If the fears of gun control advocates everywhere come true and the conservative supermajority of the court rules the way we all expect a conservative supermajority to rule — i.e., against this New York gun control measure and in favor of a more expanded reading of the Second Amendment — it is likely a safe bet, given the justices' past decisions, that New York’s law is all but doomed.
The real question will be how broadly or narrowly the majority writes its decision; whether it makes broad pronouncements about individual rights under the Second Amendment or whether it takes pains to confine its decision only to the law at issue. That will determine how much room gun control advocates have in the future to push for and pass new legislation.
The Supreme Court is the final word on what the Constitution means.
In response to a mass shooting seven years ago, the satirical website The Onion ran an article with the headline "'No Way to Prevent This,' Says Only Nation Where This Regularly Happens." It is beyond maddening that the headline is even more applicable and urgent today. Even assuming our lawmakers could gather the political will to act, they cannot simply pass a legislative override for such a decision. The Supreme Court is the final word on what the Constitution means. If at least five members of the court conclude that New York’s law offends the Constitution, then it does.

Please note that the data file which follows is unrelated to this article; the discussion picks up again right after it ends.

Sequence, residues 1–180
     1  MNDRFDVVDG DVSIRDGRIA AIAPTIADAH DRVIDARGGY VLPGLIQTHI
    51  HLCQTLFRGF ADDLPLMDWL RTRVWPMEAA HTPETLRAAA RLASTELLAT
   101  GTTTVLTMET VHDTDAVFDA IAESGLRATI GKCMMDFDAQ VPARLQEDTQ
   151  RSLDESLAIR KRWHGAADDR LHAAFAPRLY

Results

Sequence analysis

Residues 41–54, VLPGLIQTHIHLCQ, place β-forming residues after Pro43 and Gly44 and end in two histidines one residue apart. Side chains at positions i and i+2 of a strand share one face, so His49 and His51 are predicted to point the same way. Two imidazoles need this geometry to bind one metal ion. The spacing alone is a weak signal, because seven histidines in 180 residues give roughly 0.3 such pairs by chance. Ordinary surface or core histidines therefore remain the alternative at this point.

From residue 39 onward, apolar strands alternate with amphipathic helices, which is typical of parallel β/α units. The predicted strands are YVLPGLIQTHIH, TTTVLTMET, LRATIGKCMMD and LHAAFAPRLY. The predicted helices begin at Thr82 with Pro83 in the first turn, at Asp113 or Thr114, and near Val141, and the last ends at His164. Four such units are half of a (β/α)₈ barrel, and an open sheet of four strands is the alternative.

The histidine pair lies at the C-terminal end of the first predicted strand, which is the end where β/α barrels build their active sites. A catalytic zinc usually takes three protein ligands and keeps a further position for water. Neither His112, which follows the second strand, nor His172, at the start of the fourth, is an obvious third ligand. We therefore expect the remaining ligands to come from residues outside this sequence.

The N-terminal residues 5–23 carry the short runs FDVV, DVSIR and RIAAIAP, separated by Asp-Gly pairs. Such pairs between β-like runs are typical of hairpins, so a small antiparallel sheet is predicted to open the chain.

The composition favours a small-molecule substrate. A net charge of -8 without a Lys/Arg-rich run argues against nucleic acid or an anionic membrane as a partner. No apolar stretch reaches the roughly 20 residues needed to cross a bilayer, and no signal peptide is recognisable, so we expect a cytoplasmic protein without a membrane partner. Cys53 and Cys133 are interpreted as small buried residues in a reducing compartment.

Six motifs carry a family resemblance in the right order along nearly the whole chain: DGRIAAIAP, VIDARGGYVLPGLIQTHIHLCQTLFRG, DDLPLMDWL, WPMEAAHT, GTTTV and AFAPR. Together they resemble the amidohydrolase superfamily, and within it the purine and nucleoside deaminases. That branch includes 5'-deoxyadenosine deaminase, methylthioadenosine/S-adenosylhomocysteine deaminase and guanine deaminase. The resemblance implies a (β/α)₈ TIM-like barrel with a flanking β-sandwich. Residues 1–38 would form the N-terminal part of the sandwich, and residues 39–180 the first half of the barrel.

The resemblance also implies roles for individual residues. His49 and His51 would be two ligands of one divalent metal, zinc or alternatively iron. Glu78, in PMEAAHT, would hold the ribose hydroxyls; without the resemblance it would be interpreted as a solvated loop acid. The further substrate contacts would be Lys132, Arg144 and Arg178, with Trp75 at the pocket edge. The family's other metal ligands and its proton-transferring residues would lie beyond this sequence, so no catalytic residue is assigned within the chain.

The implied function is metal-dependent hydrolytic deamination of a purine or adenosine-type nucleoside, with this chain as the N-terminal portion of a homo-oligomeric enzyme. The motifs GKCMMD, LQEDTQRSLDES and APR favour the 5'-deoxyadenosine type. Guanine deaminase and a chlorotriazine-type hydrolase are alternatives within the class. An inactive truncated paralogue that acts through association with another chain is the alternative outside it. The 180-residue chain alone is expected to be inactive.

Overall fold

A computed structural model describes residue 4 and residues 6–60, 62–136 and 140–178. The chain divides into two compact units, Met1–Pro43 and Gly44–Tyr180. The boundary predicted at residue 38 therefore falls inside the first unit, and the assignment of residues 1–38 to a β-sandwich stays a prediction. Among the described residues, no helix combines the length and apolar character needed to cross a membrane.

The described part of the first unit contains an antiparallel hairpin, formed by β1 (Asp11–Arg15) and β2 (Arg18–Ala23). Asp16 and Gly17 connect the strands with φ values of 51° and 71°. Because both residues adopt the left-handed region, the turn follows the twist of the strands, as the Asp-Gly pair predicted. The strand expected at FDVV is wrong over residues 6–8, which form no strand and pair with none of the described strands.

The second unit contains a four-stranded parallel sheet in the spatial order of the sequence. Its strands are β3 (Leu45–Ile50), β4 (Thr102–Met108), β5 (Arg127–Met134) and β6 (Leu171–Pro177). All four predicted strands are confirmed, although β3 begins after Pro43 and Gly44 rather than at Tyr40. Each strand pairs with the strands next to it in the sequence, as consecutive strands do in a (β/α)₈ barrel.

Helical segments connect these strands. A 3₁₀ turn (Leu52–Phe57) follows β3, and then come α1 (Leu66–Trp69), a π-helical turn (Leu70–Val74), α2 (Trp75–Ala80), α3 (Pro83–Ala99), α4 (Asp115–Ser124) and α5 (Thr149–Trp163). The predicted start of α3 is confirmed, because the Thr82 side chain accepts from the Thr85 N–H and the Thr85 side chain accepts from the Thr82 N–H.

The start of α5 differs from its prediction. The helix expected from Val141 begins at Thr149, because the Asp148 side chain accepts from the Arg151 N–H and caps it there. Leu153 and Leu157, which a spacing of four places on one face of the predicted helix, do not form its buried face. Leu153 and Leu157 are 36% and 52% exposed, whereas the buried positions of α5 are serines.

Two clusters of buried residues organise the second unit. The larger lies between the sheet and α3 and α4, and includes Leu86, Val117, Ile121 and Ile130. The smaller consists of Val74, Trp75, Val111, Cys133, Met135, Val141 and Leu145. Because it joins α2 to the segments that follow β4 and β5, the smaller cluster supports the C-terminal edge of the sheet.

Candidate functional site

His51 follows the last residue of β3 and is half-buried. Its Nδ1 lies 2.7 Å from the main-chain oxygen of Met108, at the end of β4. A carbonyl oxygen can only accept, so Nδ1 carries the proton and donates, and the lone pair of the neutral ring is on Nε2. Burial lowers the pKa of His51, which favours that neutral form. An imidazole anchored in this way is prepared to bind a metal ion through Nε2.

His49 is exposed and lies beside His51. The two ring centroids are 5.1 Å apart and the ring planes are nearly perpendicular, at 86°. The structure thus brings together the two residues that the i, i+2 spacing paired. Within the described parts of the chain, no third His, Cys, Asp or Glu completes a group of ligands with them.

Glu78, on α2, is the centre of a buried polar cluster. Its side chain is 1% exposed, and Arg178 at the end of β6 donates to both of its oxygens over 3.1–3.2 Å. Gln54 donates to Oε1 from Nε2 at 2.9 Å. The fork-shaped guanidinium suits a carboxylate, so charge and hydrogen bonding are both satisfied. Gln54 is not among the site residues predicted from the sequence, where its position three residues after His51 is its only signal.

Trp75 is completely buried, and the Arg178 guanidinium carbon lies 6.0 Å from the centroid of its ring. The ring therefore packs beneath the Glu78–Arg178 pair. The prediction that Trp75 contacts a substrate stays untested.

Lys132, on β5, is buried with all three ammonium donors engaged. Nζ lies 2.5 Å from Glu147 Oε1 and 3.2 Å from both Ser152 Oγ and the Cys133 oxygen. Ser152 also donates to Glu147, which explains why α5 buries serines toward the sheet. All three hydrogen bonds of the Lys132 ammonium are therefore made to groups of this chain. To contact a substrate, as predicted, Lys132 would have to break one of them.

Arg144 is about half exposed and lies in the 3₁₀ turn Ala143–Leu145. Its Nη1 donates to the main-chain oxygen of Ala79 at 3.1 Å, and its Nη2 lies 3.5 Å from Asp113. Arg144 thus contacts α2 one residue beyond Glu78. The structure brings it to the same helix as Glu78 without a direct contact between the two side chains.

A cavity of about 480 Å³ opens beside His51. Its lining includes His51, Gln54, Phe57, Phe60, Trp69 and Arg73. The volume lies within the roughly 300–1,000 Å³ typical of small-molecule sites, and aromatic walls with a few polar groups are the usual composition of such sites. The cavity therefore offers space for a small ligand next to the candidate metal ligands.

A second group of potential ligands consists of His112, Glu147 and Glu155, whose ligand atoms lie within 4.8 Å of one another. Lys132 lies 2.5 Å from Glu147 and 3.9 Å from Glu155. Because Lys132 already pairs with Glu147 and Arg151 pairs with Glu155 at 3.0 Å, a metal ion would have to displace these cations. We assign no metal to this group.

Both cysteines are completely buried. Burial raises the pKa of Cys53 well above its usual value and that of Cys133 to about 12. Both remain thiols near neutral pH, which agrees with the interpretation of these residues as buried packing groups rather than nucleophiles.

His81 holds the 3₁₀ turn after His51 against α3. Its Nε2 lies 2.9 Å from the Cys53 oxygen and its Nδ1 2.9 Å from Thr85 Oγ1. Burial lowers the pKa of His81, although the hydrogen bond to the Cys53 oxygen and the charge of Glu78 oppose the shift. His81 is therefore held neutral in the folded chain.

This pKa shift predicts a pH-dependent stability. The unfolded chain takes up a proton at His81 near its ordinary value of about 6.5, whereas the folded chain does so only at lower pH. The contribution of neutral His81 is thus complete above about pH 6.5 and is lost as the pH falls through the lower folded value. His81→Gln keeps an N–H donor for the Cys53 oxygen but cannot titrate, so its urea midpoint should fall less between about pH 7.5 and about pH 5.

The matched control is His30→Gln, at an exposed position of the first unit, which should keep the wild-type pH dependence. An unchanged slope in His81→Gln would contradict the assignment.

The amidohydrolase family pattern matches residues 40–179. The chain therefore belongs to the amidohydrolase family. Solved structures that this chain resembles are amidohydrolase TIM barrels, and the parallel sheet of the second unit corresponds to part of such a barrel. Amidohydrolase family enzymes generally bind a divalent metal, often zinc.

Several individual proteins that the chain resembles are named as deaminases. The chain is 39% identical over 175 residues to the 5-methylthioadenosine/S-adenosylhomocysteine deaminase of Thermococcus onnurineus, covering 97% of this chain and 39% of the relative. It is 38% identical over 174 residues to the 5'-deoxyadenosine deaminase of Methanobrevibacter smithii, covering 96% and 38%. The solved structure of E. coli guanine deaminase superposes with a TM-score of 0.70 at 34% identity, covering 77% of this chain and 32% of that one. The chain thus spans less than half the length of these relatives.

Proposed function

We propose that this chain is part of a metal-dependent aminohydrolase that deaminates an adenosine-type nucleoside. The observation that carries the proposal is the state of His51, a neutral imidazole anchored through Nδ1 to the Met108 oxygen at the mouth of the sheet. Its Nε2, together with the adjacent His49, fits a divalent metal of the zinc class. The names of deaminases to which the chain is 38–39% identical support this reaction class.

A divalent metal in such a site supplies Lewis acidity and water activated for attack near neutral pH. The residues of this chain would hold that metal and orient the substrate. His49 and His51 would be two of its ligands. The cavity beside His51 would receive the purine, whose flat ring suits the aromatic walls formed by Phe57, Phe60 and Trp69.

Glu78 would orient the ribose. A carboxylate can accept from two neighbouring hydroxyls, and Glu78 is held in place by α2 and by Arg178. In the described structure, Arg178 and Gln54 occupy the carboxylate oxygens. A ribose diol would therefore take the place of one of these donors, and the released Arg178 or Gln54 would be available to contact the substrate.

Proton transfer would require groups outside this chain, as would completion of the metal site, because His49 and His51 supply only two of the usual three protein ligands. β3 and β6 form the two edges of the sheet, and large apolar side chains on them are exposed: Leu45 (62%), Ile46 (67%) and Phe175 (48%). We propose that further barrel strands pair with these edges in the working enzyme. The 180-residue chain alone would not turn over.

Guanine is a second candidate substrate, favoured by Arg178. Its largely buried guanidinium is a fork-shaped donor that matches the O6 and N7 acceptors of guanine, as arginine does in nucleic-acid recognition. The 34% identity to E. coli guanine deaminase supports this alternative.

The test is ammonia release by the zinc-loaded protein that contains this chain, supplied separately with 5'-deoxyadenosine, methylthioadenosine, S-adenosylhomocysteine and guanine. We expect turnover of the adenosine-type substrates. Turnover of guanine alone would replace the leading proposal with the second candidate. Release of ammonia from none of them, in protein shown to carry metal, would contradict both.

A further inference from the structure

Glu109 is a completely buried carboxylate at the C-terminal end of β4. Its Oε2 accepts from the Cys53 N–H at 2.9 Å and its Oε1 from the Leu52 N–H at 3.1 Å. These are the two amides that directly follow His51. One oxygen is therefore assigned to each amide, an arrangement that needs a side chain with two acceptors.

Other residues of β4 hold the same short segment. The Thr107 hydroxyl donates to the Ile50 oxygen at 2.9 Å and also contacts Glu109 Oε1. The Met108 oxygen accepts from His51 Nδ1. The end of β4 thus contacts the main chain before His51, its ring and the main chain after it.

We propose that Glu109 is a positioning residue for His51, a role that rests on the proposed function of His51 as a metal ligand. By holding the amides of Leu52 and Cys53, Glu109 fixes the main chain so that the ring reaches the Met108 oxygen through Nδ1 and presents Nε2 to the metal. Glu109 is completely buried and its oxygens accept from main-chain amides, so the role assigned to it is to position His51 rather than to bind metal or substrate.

What is left for gun control advocates? They can carefully and narrowly craft state and federal legislation that does not address the issues brought up by this New York law. They can also wait, and wait, and wait, for a new court that might overturn such a decision.
A reminder to people who opt not to go to the ballot box on Election Day: The power that the president has to appoint federal judges and Supreme Court justices, and that the Senate has to confirm those judges and justices, ripples through the most important aspects of our daily lives. Presidents and federal lawmakers may feel removed from our day-to-day activities, but their actions are not.